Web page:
Brain-Eating Amoeba Takes Teenager’s Life in Karachi


by Hamna Bano

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On Sunday, a teenager’s death sparked the threat of naegleria virus also known as brain-eating amoeba in Karachi. Officials at Jinnah Postgraduate Medical Centre (JPMC) confirmed that the boy died of primary amoebic meningoencephalitis (PAM), which is a disease of the nervous system caused by Naegleria fowleri

The officials said that “the 19-year-old patient, a waiter by profession and resident of Saddar, was admitted to the hospital on Saturday in critical condition”. 

“He had complaints of persisting high fever, headache, and vomiting,” Dr. Yahya Tunio, JPMC’s deputy executive director.


The illness is commonly known as the "brain-eating amoeba" since it causes damage to the frontal lobe of the brain, leading to meningoencephalitis. This condition has a fatality rate of 95 percent, resulting in the demise of those affected.

Tunio also added that “this is the second mortality in the hospital by PAM this year at JPMC.”

Moist soil, freshwater bodies including lakes, ponds, and rivers, inadequately chlorinated swimming pools, and water supply pipelines can all harbor Naegleria fowleri.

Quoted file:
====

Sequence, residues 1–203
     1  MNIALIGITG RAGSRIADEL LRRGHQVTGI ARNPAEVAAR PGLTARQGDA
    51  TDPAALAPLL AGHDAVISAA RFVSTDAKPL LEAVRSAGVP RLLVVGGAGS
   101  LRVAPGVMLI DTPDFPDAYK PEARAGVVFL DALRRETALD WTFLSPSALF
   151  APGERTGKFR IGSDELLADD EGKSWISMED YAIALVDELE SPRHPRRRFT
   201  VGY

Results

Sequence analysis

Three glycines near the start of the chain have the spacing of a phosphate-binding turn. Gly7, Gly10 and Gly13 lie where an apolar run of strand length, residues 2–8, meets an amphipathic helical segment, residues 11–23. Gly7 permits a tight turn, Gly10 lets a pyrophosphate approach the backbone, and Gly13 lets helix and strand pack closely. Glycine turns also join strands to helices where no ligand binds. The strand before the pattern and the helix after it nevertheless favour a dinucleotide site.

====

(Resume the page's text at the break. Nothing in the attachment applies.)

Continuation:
N. fowleri lives in warm water and enters the body through the nose and travels to the brain and starts destroying tissues. This is the main reason, it is called a brain-eating amoeba. The illness resulting from it is always fatal as the germ cannot survive in clean, cool, and chlorinated water. 

Besides this, unfortunately, a considerable segment of our population lacks access to clean and safe drinking water. Consequently, individuals are forced to consume contaminated water, resulting in the spread of waterborne illnesses like Typhoid, Gastroenteritis, Hepatitis A and E, and Cholera.

The Karachi Water and Sewerage Board (KW&SB), which is in charge of managing Karachi's municipal water supply, has been linked to recent cases of Naegleria fowleri infections.

For the city's drinkable water, the efficacy of the filtering and chlorination procedures is under doubt.